Hands up everyone who has ever put off a major decision. It’s in our nature to delay things—particularly tasks that aren’t going to be easy—like breaking up, moving on, or (stay with me) even migrating to Windows 10.
Okay, equating relationships ending with a Windows 10 migration may be stretching it a bit. But speak to many people in IT and you’ll learn that a migration to Windows 10 can be painful. Why? Compatibility issues, and the failure of business-critical applications to run in Microsoft’s latest-and-greatest operating system.
Affecting companies worldwide
Let’s put the compatibility problem into context. Imagine how many businesses there are in the world, counting the small ones too. Now imagine the number of niche applications—with much of the software written in-house—and the number of XP- or ISV-based systems running those businesses’ operations. Tens of thousands? Hundreds of thousands? Who knows? But those businesses can experience migration problems at multiple points: installing, updating, running or uninstalling applications.
50% experiencing compatibility issues
What I’m saying isn’t merely a scare tactic to sell virtual desktop infrastructure. These words are backed by our own research, which you can find in the Using VDI to power your Windows 10 migration white paper.
Independent market researchers spoke to IT decision makers across the US, UK, Germany and France. The aim was to get their thoughts and experiences on migrating to Windows 10. The researchers found that 50 percent of respondents have experienced compatibility issues with existing/legacy applications. In addition, 34 percent encountered logistical problems—meaning migrating remote offices—and the same percentage discovered that their hardware did not fulfil requirements for Windows 10 (34 percent). Small wonder, then, that more than a third of those questioned said they hadn’t fully migrated yet.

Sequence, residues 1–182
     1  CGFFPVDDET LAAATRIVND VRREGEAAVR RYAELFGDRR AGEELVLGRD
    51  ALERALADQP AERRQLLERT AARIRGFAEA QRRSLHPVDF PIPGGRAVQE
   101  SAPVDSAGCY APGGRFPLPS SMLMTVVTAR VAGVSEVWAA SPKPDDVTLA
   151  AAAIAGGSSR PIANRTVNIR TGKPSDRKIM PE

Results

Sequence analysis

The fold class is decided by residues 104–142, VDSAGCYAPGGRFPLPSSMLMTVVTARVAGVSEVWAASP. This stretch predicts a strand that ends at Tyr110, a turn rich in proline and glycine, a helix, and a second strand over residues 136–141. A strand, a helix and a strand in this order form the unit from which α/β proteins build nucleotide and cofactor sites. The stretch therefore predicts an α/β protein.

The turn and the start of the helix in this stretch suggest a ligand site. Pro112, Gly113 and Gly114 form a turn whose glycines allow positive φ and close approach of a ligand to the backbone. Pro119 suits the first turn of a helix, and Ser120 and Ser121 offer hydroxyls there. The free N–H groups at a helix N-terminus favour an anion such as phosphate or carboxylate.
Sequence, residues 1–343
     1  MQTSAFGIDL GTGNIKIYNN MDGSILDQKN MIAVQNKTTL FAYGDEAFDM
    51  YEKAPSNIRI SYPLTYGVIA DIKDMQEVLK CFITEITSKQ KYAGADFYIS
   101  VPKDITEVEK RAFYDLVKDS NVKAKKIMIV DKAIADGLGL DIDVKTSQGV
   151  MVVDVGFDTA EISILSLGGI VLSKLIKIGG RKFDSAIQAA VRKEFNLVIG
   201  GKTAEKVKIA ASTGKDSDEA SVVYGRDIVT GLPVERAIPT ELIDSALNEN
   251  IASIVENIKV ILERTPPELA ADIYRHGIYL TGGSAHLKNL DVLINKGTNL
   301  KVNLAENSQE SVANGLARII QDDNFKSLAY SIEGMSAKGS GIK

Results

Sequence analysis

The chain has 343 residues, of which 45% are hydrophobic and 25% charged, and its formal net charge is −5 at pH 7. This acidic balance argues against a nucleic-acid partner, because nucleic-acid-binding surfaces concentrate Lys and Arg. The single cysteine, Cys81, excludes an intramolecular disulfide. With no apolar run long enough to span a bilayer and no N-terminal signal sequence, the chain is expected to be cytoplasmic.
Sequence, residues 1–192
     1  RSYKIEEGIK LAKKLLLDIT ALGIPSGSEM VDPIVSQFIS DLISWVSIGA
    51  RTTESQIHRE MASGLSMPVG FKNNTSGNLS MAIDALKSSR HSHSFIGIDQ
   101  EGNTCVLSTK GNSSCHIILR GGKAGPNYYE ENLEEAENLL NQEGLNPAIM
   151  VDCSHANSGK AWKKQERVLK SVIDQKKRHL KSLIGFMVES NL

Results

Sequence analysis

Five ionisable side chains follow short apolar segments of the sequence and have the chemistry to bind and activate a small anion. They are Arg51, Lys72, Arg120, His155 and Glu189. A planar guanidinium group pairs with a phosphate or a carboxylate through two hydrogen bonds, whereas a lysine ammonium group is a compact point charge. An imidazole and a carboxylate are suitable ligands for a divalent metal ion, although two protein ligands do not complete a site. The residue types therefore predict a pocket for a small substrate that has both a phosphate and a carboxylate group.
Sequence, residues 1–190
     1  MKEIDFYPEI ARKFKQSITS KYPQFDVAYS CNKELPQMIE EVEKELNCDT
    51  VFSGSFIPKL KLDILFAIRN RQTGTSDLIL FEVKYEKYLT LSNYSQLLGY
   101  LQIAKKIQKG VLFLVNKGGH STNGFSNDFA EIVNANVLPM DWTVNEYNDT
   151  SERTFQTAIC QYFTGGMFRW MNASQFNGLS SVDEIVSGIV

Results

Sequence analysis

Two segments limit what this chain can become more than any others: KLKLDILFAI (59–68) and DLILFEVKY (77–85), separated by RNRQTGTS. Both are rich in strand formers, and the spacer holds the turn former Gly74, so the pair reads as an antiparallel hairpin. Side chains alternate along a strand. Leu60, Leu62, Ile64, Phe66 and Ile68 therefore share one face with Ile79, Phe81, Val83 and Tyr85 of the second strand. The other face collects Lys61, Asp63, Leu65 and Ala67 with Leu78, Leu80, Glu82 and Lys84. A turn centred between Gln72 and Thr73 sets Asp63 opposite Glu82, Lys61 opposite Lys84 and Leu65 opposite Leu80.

A tried-and-tested solution
VDI certainly has the power to help overcome compatibility issues along with logistical and hardware challenges for any Windows 10 migration.
The truth is that running a virtual machine is the safest way to continue using a legacy application in Windows 10 regardless of whether it’s XP- or ISV-based or written in-house. With VDI, IT administrators can test compatibility and easily roll back if incompatibility problems occur. Problems or not, the performance of other desktop applications is protected because testing goes on in an isolated virtualized desktop environment. Plus, whatever the outcome of the tests, administrators can always run the applications in the legacy XP or Windows 7 environments.
Worked before—can work again
There are plenty of examples of organizations that have overcome compatibility issues on previous migrations, for example to Windows 7, by taking the VDI route. One involving a leading UK university typifies the challenges and how VDI provides a great solution. The university had critical applications for estate management that the software vendor hadn’t updated. Simply put, they were not compliant with Windows 7. Centralizing the applications and running them in a VDI, removed a roadblock to full Windows 7 migration—as well as improving manageability—because the university could run the incompatible, legacy applications in a virtual environment supporting the old operating system. Both old and new applications ran in parallel without end users seeing any difference.
Take some relationship counselling
What’s clear is that VDI saves organizations time and money when it comes to a Windows 10 migration. In fact, VDI does a great job at making compatibility issues disappear. And while the headline to my blog may be a bit disingenuous—I don’t think migration issues would cause a business to “break up” with Microsoft—the reality is that a bad migration could turn a happy marriage sour and put a damper on a long-standing relationship.
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